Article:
FIRST CERTIFICATE TEST # 2
ANSWERS ACTIVITY # 3

SMOKING AND YOUNG PEOPLE

ACCORDING TO THE INTERVIEW, WHO ...

1.

explains the nature of nicotine?

2.

began smoking because of the people he/she knew?

3.

became addicted to cigarettes without realising it?

4.

explains why young people feel more relaxed smoking?

5.

explains why stopping smoking is good for your health?

6.

would have been embarrassed if he/she had failed to give up?

7.

thinks it is better to give up gradually?

8.

explains why the first few weeks of giving up are the hardest?

9.

thinks that a benefit of giving up is the money you save?

10.

thinks that putting on a little weight is not a big problem?


AUDIO TRANSCRIPTION
The areas highlighted in white show the answers.

DAVE:

You're listening to Style UK and this is Dave Moody on 'Matters Today'. And now we move on to an eternally hot topic – smoking and young people. I have with me Mick, the studio doctor, and on the line is Anna, one of our regular listeners who's recently managed to kick the evil habit. Mick. Anna, welcome to the programme.

MICK:

Hello.

ANNA:

Hi.

DAVE:

Now. we smokers know we shouldn't do it, and yet we also know that the reason it's so difficult to give up is because of the presence in the tobacco of nicotine. Nicotine's a drug, and a highly addictive one at that, and that's what makes a cigarette feel so good for a smoker. Anna, can I ask you – did you know that before you started?

ANNA:

Erm, I don't know, I suppose I sort of did, but when you're young you don't bother about things like that. It was more important for me to be doing what my friends were doing, and they were smoking so I started too, 'cos I didn't want to feel left out. And it made me feel more grown-up, more confident. But before I knew it, I was a packet-a-day person. I still don't know how it happened because at the beginning I hated the taste of the smoke.

DAVE:

Mick?

MICK:

Yes. The tobacco companies are aware of all this. In their advertising they're, they've very cleverly made cigarettes this symbol – false. I might add - of maturity. Smoking then becomes a useful way to cover up the shyness and the uncomfortable feelings that young people naturally experience. But until governments are brave enough to ban cigarette advertising, it's something we have to learn to live with.

DAVE:

It's not an ideal world.

MICK:

It certainly isn't, Dave. But we now know that when you give up, almost all the health risks associated with smoking begin to decrease, no matter how long you've smoked.

DAVE:

Yes, I have the information here somewhere. Erm, yes, yes. After five years without a cigarette, the risk of dying early from smoking-related diseases like lung cancer or heart attacks is reduced by half. And after 15 years the risks have almost disappeared.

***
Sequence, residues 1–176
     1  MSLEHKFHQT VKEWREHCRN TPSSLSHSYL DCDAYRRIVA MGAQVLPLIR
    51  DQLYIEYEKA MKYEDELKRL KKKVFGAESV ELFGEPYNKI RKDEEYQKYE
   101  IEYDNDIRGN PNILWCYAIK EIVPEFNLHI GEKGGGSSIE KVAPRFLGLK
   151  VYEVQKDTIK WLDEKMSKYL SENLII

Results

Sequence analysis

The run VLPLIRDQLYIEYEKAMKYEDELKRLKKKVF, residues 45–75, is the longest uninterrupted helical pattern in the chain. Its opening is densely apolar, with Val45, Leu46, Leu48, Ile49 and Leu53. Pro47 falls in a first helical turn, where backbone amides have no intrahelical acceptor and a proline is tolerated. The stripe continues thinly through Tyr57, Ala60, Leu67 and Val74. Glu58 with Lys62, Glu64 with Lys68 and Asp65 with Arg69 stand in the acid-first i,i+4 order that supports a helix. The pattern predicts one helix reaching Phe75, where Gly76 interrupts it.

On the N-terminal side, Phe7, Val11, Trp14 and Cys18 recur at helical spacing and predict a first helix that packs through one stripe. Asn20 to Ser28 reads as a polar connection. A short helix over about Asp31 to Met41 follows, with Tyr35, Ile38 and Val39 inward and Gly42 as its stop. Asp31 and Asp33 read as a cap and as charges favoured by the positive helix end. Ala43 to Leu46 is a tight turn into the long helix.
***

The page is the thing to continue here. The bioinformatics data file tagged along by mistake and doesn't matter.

MICK:

So medically it is worth giving up. It's never too late to stop.

DAVE:

I know that, but I find it almost impossible to do it. Anna, what did you do?

ANNA:

Well. I followed advice I'd read about. First. I made a list of all the times I smoked and why I needed a cigarette at these times. Then I circled the day on my calendar and told my family and all my friends I was giving up. So then it was a matter of pride not to slip back. I'd made up my mind and there was no turning back.

DAVE:

I've tried before too, but I found it was better to do it slowly, little by little.

MICK:

Yes. but Dave, you still smoke, don't you? Because of the problem of addiction to the nicotine, I think you need to stop once and for all. It's unpleasant for the first couple of weeks, but you need to go through that, to clear your body completely of the harmful effects of the drug.

DAVE:

I know, I'm a failure!! But, leaving that aside for the moment, is he right, Anna?

ANNA:

Yes. it's the first few weeks that are the hardest.

DAVE:

And what about saving money? That's another benefit, isn't it, that you can buy all the things you've always wanted, the new clothes, the holiday abroad.

ANNA:

Well, I think that's a bit of an exaggeration, Dave. But maybe I wasn't smoking enough to really notice.

DAVE:

Mick, is there any other advice you can give?

MICK:

Yes. People sometimes find they want to eat more, and they sometimes put on a bit of weight. I'd say that is something you shouldn't worry about too much: you can always deal with that later. A couple of extra kilos is far less harmful than carrying on smoking.

DAVE:

Well now, let's take a few calls. Remember – if you've got anything to say on the subject, do ring our phone lines on 0171 637 ...

 
 

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